Wideband satellite communication planners from the Regional Satellite Communication Support Center-Pacific at Wheeler Army Air Field, Hawaii, discuss satellite planning options  to support a customer's request for SATCOM resources in March 2020. The RSSC-Pacific belongs to the U.S. Army Satellite Operations Brigade, U.S. Army Space and Missile Defense Command. (Photo courtesy of Iwalani Gutierrez/RELEASED)
Wideband satellite communication planners from the Regional Satellite Communication Support Center-Pacific at Wheeler Army Air Field, Hawaii, discuss satellite planning options to support a customer's request for SATCOM resources in March 2020. The RSSC-Pacific belongs to the U.S. Army Satellite Operations Brigade, U.S. Army Space and Missile Defense Command. (Photo courtesy of Iwalani Gutierrez/RELEASED) (Photo Credit: U.S. Army) VIEW ORIGINAL

COLORADO SPRINGS, Colo. -- The U.S. Army Satellite Operations Brigade’s Regional Satellite Support Center-Pacific, supported humanitarian assistance and disaster relief efforts for Cyclone Yasa, which battered Fiji’s Vanua Levu Island, Dec. 17.

A team of Army Space Soldiers from RSSC-Pacific assisted with wideband satellite communications for the mission by processing satellite access requests, two of which went to the Australian Defense Force and two went to the New Zealand Defense Force.

“I can safely say on behalf of our entire team, it is very gratifying to support these humanitarian assistance/disaster relief efforts,” said Iwalani Gutierrez, RSSC-Pacific director. “Knowing that what we do matters helps the team get through the long days of 12-hour shifts in our 24/7 operations. This Fiji relief effort happened during the holidays, and my team can be relied upon to stand watch ready to respond to any contingency in support of our customers.”

Planning for satellite access solutions was primarily provided by two Soldiers, Sgt. Ryan Chilton of the Australian Defense Force and Staff Sgt. Felix Loperena, and one civilian contractor, Joe Myers, at the RSSC-Pacific located at Wheeler Army Air Field in Hawaii, Dec. 19-21.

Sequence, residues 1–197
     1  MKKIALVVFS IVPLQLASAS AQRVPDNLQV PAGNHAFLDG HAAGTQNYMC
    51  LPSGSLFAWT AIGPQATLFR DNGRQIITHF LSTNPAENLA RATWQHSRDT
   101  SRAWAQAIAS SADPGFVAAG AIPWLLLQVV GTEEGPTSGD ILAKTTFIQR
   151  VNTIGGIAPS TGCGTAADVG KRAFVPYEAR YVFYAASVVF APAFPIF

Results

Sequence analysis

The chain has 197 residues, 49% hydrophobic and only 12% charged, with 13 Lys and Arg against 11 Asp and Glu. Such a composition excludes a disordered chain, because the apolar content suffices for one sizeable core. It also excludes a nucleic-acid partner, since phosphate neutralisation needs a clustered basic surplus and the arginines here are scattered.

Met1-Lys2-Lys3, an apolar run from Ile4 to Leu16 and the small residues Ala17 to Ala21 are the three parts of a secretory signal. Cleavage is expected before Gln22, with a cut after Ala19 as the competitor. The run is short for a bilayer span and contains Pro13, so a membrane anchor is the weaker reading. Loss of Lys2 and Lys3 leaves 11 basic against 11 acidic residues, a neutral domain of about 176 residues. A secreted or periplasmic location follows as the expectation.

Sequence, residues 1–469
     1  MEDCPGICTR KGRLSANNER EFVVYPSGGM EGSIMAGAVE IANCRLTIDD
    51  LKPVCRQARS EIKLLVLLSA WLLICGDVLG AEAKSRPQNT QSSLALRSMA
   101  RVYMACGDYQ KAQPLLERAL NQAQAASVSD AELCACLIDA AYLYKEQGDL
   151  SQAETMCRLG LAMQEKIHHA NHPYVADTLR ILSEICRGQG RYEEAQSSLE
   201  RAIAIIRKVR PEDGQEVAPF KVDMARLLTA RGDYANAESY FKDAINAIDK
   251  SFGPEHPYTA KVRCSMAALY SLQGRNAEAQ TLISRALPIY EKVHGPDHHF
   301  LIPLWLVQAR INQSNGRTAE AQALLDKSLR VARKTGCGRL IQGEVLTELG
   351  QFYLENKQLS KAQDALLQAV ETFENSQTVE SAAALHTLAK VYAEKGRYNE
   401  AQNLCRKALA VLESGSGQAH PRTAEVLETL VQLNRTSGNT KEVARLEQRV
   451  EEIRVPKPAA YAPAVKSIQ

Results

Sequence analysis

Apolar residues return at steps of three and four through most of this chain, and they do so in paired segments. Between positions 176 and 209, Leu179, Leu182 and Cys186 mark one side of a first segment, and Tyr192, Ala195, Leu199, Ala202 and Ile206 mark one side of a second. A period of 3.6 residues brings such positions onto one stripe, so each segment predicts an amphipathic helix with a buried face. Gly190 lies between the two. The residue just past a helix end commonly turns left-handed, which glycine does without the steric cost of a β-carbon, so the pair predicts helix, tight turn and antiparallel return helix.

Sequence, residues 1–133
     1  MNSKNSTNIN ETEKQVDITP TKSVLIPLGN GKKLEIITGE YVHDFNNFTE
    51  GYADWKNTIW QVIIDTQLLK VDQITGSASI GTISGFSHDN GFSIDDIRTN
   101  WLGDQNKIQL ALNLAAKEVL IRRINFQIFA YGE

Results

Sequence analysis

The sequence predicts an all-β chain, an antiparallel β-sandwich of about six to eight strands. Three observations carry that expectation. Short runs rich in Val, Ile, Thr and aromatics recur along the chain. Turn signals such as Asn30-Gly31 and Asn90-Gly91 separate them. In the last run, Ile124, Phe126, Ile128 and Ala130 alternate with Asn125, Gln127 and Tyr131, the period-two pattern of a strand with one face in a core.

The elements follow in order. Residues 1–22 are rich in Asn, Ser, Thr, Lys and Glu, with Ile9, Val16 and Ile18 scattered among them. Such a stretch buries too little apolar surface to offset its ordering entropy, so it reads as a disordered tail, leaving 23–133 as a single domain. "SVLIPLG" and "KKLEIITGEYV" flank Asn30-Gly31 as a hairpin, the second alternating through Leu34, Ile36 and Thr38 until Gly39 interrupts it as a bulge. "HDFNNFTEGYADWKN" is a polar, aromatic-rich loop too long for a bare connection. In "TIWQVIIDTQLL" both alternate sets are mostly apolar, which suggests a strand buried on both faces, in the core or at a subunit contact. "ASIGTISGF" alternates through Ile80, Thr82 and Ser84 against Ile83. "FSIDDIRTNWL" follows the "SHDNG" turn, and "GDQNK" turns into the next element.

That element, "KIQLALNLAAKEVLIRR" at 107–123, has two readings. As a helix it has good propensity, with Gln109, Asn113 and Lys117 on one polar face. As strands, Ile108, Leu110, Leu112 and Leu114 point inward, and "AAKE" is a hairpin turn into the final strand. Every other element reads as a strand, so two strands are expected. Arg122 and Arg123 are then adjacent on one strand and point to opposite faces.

Chilton is attached to RSSC-Pacific as part of the Australian Cooperative Partnership Program.

“When you sign up for this job, you always think you might be involved in missions of these types,” Chilton said. “Then something comes along like this where you ARE actually part of a real-world operation that really makes a difference in people’s lives.”

Vince Street, a civilian contractor, and Sgt. Devon Lenz also assisted with satellite operations for the mission.

“These (missions) are of the utmost priority,” Lenz said. “Anytime you have a disaster of this magnitude and you’re called upon to help out, you are going to do your part as best you can.”

Up to 93,000 people were affected by the cyclone – a high-end category 5 storm that registered winds up to 214 mph according to the Joint Typhoon Warning Center. Four people were reported dead, and the cyclone caused about $1.4 billion in damage to health facilities, homes, schools, agriculture and infrastructure. The cyclone was one of the strongest storms ever recorded in the southern hemisphere.

The U.S. Army Satellite Operations Brigade’s Satellite Communications Directorate executes U.S. Space Command’s assigned mission for both wideband and narrowband SATCOM systems. The four RSSCs, which are located at Wheeler Army Airfield; Peterson Air Force Base, Colorado; MacDill Air Force Base, Florida; and Patch Barracks, Stuttgart, Germany, provide 24/7/365 SATCOM planning, engineering and satellite payload management for all DOD SATCOM systems.

The RSSCs work with regional SATCOM users planning and authorizing critically required connectivity for system users across the full range of military operations including diplomatic, humanitarian assistance, disaster relief and scientific missions in zones where the communications infrastructure can be destroyed, degraded or is simply non-existent.

The Satellite Operations Brigade belongs to the U.S. Army Space and Missile Defense Command.